Jiddu Krishnamurti – Is it Possible to Live with Total Lucidity (Claremont) (1968)
In his introductory statement, Dr. Huston Smith describes Krishnamurti as a sage of our century. Krishnamurti and Dr. Smith inquire into the question of lucidity and ask whether it is possible to live in this world with total lucidity. As Krishnamurti often does, he begins with an examination of the question and sets out to define the word lucidity. Krishnamurti asks, “Is it possible for a human being living in this world to find within himself a clarity that is constant, that is true, in the sense, not contradictory, is it possible for a human being to find it?” Krishnamurti goes on to explain that he feels it is possible.
About the Actor
Jiddu Krishnamurti was born May 12, 1895, in Madanapalle, south India. From 1929 until his death in 1986 he traveled all over the world speaking spontaneously to large audiences. He engaged in dialogues with religious leaders, scientists, professors, authors, psychologists, computer experts, and people from many different backgrounds deeply questioning their daily life. His talks and dialogues have been compiled and published in more than fifty books and translated into as many different languages. His books include Think on These Things, Education and the Significance of Life, The Awakening of Intelligence, and The First and Last Freedom.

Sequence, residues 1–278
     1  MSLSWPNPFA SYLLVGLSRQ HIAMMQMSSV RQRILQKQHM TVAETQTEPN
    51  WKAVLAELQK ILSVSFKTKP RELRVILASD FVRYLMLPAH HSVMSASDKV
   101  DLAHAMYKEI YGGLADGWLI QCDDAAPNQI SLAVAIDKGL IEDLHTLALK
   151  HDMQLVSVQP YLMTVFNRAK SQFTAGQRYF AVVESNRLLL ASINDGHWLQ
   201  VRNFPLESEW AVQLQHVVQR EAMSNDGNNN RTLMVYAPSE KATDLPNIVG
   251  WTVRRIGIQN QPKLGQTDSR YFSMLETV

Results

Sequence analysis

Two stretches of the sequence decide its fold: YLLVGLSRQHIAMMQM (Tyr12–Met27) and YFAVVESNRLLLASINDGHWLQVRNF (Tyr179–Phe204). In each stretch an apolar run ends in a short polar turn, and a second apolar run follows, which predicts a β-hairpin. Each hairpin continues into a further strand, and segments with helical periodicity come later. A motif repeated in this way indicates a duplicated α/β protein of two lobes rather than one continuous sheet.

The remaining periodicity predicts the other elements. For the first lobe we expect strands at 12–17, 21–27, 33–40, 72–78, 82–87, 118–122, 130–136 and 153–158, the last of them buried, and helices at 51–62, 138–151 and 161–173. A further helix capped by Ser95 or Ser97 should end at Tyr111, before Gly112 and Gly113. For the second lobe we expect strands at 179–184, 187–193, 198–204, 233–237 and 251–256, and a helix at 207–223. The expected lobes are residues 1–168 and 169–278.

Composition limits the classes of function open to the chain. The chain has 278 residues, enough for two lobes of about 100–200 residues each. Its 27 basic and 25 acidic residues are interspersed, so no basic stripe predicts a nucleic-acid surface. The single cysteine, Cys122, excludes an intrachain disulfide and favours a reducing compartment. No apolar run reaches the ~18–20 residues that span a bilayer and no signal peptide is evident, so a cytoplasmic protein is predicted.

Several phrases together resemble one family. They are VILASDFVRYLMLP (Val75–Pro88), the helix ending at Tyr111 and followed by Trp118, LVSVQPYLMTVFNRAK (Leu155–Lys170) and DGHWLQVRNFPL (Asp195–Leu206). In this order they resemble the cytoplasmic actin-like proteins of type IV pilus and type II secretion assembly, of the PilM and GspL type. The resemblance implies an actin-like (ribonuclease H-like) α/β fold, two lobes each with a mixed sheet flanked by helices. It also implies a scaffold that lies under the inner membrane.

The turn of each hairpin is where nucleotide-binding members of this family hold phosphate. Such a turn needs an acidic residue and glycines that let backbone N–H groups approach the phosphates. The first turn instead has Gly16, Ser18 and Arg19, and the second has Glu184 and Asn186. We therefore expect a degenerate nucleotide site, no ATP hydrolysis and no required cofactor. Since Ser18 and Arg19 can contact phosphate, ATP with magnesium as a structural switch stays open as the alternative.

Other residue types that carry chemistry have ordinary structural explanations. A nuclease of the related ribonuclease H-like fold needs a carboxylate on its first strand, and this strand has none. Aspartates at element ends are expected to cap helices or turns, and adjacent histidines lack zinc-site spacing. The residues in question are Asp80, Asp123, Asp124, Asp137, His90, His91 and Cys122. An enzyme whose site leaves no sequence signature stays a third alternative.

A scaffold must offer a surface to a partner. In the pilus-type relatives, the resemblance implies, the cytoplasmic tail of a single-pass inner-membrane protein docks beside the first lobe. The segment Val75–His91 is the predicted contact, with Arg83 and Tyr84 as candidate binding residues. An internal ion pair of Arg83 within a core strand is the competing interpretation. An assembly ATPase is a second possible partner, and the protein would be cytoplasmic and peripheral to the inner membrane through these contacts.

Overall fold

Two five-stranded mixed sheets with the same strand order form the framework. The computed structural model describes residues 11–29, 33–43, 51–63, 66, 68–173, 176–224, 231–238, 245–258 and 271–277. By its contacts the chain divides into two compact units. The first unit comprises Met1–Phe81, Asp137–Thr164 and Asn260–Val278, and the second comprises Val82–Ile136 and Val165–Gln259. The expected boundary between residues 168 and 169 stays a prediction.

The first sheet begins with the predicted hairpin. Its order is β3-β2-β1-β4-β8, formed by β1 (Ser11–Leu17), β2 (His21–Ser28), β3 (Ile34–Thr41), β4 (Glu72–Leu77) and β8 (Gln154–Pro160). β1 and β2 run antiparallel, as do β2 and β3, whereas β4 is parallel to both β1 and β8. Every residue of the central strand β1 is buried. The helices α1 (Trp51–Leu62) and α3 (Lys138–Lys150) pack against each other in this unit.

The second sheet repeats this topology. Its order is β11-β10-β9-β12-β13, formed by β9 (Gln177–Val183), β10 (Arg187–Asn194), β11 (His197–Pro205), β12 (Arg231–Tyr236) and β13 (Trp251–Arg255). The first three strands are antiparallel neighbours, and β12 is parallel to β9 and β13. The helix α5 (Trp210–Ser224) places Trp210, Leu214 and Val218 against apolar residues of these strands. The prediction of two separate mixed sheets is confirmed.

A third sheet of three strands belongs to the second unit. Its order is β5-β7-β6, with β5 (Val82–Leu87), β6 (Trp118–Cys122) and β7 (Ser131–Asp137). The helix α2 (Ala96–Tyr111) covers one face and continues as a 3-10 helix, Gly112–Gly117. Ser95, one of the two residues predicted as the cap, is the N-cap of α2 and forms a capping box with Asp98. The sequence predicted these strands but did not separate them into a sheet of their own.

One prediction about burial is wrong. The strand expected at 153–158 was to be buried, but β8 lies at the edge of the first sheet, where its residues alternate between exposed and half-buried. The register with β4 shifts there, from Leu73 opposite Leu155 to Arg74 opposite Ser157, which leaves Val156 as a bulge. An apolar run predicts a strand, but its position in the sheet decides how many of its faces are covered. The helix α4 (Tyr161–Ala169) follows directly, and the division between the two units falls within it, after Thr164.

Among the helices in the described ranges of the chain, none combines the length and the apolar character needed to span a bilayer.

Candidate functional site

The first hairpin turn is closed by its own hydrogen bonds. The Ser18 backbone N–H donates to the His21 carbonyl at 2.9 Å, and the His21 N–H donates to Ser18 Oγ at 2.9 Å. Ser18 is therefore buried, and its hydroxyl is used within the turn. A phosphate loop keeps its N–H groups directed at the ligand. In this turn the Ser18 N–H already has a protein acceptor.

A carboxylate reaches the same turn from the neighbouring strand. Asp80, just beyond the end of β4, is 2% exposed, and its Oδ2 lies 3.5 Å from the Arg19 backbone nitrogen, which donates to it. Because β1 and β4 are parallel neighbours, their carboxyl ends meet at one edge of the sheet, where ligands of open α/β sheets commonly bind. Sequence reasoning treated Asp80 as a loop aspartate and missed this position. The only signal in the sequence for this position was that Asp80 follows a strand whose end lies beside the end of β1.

Krishnamurti claimed allegiance to no caste, nationality or religion and was bound by no tradition. He said man has to free himself of all fear, conditioning, authority and dogma through self-knowledge and this will bring about order and psychological mutation. The conflict-ridden violent world, he suggested, cannot be transformed into a life of goodness, love and compassion by any political, social or economic strategies, but only through this mutation in individuals brought about through their own observation, without the mediation of any guru or organized religion.
Dr. Huston Smith is a former Professor of Religion and Psychology at MIT. He is the author of the great classic, Religions of Man, which has sold over two million copies, as well as six other books on psychology, religion, and philosophy.